One area that we are particularly interested in is encouraging more connections across the academic-civic interface.
EPSRC recently carried out a survey with our university partners to understand the extent of existing academic-civic partnerships. We’re really pleased to say that the engineering and physical sciences community are making great strides in this domain, there’s lots going on!
One of our early insights is the breadth of contributions being made. We are seeing collaborations with a wide range of civic partners such as:
- local enterprise partnerships
- city councils
- county councils
- city deals
- combined authorities
- local NHS trusts.
What’s clear from the survey analysis is the timeliness of this work and the enthusiasm for academic-civic partnerships.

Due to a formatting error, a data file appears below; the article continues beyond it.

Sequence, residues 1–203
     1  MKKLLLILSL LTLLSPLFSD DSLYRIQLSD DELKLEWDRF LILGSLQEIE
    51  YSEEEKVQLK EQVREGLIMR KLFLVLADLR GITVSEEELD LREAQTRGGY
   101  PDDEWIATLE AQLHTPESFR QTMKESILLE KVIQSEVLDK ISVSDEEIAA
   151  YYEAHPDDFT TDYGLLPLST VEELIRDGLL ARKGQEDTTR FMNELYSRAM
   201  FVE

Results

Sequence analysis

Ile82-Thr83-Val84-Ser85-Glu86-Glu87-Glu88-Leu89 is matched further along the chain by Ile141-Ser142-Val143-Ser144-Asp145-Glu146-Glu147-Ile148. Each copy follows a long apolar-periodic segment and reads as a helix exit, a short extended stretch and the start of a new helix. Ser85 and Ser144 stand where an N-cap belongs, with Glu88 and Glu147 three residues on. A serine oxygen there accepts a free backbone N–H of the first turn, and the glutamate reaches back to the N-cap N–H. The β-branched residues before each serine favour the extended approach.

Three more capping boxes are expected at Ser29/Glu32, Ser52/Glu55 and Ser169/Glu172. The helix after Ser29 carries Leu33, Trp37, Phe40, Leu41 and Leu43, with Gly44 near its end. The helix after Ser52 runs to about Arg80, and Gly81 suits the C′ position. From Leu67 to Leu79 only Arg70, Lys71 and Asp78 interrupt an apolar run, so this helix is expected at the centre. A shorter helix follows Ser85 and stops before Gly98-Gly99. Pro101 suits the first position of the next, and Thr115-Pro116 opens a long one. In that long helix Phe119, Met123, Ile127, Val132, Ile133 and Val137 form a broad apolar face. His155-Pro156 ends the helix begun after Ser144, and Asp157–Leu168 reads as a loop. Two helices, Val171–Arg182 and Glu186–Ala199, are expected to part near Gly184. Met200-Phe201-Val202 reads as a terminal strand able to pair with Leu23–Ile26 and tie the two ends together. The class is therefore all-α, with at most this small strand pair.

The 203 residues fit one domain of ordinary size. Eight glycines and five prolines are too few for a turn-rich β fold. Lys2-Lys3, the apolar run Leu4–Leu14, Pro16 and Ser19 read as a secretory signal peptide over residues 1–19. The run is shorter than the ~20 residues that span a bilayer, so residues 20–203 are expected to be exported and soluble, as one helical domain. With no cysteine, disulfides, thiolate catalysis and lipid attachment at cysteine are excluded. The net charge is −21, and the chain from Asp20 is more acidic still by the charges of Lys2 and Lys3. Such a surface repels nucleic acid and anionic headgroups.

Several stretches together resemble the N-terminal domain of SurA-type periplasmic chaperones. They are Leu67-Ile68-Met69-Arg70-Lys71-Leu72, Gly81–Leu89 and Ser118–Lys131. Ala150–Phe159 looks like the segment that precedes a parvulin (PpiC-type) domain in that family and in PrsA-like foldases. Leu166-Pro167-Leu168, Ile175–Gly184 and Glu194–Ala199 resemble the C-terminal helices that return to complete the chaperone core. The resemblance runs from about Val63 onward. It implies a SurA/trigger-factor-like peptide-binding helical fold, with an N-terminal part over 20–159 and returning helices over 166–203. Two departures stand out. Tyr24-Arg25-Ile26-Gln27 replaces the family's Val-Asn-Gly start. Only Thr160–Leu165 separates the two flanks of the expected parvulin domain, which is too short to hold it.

Revealing barriers universities face
The survey has helped reveal some of the barriers universities face in working with civic partners. Key issues flagged include:
- lack of time and resource from both sides
- finding the right entry point
- lack of understanding of each other’s roles and language
- data sharing challenges
- recognising that one size doesn’t fit all, so the collaboration needs to be carefully tailored to the university and civic body.
The Unlocking the Potential of Civic Collaboration: A review of research-policy engagement between the University of Leeds and Leeds City Council (PDF,11.3MB) report predates our survey. It highlights many of the same issues, suggesting that these are longstanding barriers.